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Must-See RVA! — Charlotte Williams Memorial Hospital

A look into the history of Richmond places that are still part of our landscape.




AKA, Memorial Hospital
1201 East Broad Street
Built, 1899
Architect, Albert W. Fuller
VDHR 127-0395

In memory of the girl who drowned.

The Memorial Hospital is a dignified and well-composed example of the stately neo-Palladian Revival that was popular at the end of the 19th century, especially in Great Britain. The style, sometimes grouped with the Second Renaissance Revival and Neoclassical styles, has its roots in 18th century English Palladianism.

(Scottish Architects) — J. M. Brydon

British architects. especially J. M. Brydon, promoted the style as a way out of “the architectural chaos of the late Victorian Period.” and “a truly English twentieth-century progressive architecture,” not only English but “potentially Imperial and Modem.”

(Rocket Werks RVA Postcards) — showing Executive Mansion at right

The proposed hospital and corporation was named in memory of John L. Williams’ daughter Charlotte Randolph Williams who drowned on 7 July 1884 at Old Point Comfort. Williams gave $100,000 to the project and he and his three sons served on the Board of Trustees. In November of 1901 the Board of Trustees approved a name change for both the hospital and the corporation to Memorial Hospital.

August 2017

The original plans show the Hospital as a three-story and basement building with an H-shaped plan, with its main entrance on Broad Street. The building was of fireproof construction, with brick and granite walls, steel joists, steel elevators and masonry stairs.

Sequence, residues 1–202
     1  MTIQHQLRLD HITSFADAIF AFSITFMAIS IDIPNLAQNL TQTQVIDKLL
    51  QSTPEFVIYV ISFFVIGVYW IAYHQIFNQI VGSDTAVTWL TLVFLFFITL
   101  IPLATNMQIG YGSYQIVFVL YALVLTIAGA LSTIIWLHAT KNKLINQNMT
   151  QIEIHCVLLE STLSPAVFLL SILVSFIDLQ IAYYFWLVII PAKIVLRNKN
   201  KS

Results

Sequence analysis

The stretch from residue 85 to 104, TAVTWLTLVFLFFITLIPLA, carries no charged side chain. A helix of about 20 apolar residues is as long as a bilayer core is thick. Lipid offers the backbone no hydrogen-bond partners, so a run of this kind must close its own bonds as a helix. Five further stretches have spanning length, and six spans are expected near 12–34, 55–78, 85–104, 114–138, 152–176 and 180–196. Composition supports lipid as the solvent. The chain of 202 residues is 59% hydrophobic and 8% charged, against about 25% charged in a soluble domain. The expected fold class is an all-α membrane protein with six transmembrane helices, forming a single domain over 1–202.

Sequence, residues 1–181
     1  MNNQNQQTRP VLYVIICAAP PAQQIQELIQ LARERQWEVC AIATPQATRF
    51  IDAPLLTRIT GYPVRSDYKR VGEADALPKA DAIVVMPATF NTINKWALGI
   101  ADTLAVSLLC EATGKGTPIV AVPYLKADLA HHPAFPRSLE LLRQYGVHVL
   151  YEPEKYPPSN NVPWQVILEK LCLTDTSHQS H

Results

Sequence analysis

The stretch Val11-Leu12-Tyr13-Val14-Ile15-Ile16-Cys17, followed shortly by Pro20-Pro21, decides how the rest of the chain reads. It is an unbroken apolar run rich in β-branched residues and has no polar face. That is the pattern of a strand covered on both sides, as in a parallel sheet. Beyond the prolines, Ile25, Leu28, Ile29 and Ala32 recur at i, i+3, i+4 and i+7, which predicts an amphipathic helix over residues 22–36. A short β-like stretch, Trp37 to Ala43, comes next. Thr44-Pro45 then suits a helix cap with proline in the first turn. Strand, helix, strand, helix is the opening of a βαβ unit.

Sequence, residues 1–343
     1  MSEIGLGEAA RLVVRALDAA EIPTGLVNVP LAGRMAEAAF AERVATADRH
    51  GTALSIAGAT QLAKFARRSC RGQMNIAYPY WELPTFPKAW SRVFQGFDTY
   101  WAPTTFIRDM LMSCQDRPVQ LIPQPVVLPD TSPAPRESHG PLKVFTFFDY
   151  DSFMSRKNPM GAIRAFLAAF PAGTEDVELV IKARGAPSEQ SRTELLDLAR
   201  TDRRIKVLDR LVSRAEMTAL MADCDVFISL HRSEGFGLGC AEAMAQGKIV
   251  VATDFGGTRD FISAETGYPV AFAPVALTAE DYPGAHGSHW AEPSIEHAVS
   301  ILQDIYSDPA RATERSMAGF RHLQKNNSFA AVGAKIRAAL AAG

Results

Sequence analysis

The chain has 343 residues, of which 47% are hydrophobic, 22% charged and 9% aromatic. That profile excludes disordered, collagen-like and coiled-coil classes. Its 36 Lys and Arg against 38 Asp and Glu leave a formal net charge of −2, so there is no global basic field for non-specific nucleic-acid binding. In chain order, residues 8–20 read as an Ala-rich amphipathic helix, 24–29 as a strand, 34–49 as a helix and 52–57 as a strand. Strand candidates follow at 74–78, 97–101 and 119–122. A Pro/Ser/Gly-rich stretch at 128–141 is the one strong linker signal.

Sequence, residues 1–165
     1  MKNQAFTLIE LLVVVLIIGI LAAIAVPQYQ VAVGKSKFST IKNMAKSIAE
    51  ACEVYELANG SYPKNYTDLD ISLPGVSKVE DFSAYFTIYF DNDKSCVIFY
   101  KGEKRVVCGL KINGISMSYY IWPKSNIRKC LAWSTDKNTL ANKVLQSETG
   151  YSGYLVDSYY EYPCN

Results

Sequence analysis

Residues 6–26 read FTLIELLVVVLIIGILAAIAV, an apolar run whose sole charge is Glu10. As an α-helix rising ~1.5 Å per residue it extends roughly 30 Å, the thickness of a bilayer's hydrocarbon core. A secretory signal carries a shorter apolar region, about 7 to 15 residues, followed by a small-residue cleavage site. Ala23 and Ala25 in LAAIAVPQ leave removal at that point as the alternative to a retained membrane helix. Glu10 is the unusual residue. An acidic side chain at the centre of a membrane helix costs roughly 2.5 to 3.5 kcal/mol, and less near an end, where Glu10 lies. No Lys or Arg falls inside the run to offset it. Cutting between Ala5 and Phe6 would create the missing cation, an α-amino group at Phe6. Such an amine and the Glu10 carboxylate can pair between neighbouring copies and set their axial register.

The building had gas and electric lights, and a coal-fired furnace in the sub-basement. The primary north and west elevations are delineated with a rusticated basement and ground floor, two primary floors with a two-story Corinthian order (the central bay on the north elevation has Corinthian pilasters), and a full entablature.

August 2017— surgical amphitheater

The hospital had many open wards, including men’s and women’s surgical and medical wards; a children’s ward; and a gynecological ward. There were several two-bed and four-bed wards, and many private rooms on double-loaded corridors. There were accommodations for the indigent sick, including a “colored ward” in the basement of the west wing. A designated “violent patients’ room” was in the basement. The City Free Dispensary was also in the basement, facing onto Broad Street.

August 2017— surgical amphitheater

Three operating rooms, including a horseshoe-shaped surgical amphitheater with five viewing tiers surrounding a white-tiled operating arena, were located in the third story; an “etherizing” room was also provided. There were rooms provided for hospital staff, including a head nurse’s apartment.

Rooms in the basement were designated for “male help” and “female help;” there were also “help’s dining room” and a “staff dining room.” The basement had a laundry, with a sterilizer and a steam-pressing machine called a “mangle.”

December 2015

There were rooms designated as photographic darkroom X-ray room, kitchen, bakery, and morgue. The building had extensive indoor plumbing for staff and patients.

A three-tiered polygonal sun bay on the rear (south) of the west wing was a prominent feature of the original design. A three-story wooden porch was added to the rear of the east wing some time between 1905 and 1924. The porch was removed during the 1989-1990 rehabilitation.

August 2017

In 1986, the Virginia Department of Transportation acquired the hospital and rehabilitated it for office use. The rehabilitation was planned and carried out in coordination with the Virginia Division of Historic Landmarks, and completed in 1990. (VDHR)


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